The much-feared El Nino phenomenon, the warming of sea surface temperatures in the Pacific which can trigger drought in Southeast Asia and Australia and floods in South America, could strike as early as the Northern Hemisphere summer, the U.S. weather forecaster warned last week.
In its strongest prediction in almost 18 months that El Nino could return, the Climate Prediction Center (CPC) said in its monthly report that neutral El Nino conditions will likely continue through the spring, but there was about a 50 percent chance of the weather pattern developing during the summer or autumn.
The CPC’s latest outlook brings the forecaster in line with other global meteorologists that have raised their outlook for El Nino’s potential return this year.
The CPC switched its status to El Nino watch for the first time since October 2012.
Drought triggered in Southeast Asia and Australia by El Nino can be particularly devastating because those regions produce some of the world’s major food staples, such as sugar cane and grains.
The last time El Nino ripped across the globe was in the summer of 2009, lowering temperatures in the Northern Hemisphere, said Phillip Vida, meteorologist at U.S.-based weather forecaster MDA Weather Services.
A more severe occurrence was in 1998 when freak weather killed more than 2,000 people and caused billions of dollars in damage to crops, infrastructure and mines in Australia and other parts of Asia.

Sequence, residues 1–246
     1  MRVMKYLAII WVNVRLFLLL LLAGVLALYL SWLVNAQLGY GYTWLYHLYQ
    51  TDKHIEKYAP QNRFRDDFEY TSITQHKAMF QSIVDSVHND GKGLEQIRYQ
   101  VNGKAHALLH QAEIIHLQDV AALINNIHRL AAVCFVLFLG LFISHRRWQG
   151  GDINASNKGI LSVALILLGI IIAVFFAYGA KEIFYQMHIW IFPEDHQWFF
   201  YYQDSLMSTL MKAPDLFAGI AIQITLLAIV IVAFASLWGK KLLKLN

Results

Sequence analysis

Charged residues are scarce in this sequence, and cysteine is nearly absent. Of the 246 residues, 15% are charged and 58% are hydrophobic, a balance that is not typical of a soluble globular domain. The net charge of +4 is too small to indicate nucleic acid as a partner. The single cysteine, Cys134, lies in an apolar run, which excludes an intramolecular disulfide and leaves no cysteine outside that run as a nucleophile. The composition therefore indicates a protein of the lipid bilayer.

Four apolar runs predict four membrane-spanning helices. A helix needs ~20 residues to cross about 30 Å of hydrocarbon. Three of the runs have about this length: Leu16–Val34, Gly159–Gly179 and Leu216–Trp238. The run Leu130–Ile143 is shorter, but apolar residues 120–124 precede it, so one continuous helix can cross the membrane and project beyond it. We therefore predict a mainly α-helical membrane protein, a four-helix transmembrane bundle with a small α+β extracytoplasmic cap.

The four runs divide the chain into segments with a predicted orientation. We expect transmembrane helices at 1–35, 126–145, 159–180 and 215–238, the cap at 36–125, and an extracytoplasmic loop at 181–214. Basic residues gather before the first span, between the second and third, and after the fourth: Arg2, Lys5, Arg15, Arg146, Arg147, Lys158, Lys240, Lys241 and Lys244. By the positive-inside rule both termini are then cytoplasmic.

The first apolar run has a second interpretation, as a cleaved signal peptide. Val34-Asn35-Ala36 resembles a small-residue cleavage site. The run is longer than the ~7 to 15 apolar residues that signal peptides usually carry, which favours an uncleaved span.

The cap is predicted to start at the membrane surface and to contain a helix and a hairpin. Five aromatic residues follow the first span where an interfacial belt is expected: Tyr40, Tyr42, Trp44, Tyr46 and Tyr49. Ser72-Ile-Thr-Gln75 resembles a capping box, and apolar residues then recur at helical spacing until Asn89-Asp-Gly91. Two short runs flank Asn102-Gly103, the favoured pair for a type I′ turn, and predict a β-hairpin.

“It’s less favorable in Southeast Asia and into India,” said Kyle Tapley, agricultural meteorologist at MDA.
“Generally, it’s more favorable for crops in the United States, as it favors a cooler weather pattern across the major corn and soybean areas.”
The outlook will increase uncertainty in global commodity and energy markets, with coffee, cocoa and natural gas prices roiled by an extended period of extreme weather.
Brazil is suffering its worst drought in decades, the polar vortex has frozen much of the U.S. East Coast, and extreme floods have submerged parts of Britain in recent months.
“A lot of commodities prices are already high. Toss El Nino or La Nina into it, things will get that much crazier down the road,” said Jack Scoville, a vice president for Price Futures Group in Chicago.
The forecast will also be closely watched by the U.S. crude oil industry as El Nino reduces the chances of storms in the Gulf of Mexico that could topple platforms and rigs during the Atlantic hurricane season that starts on June 1.
(Editing by Jeffrey Benkoe, Sophie Hares and Leslie Adler)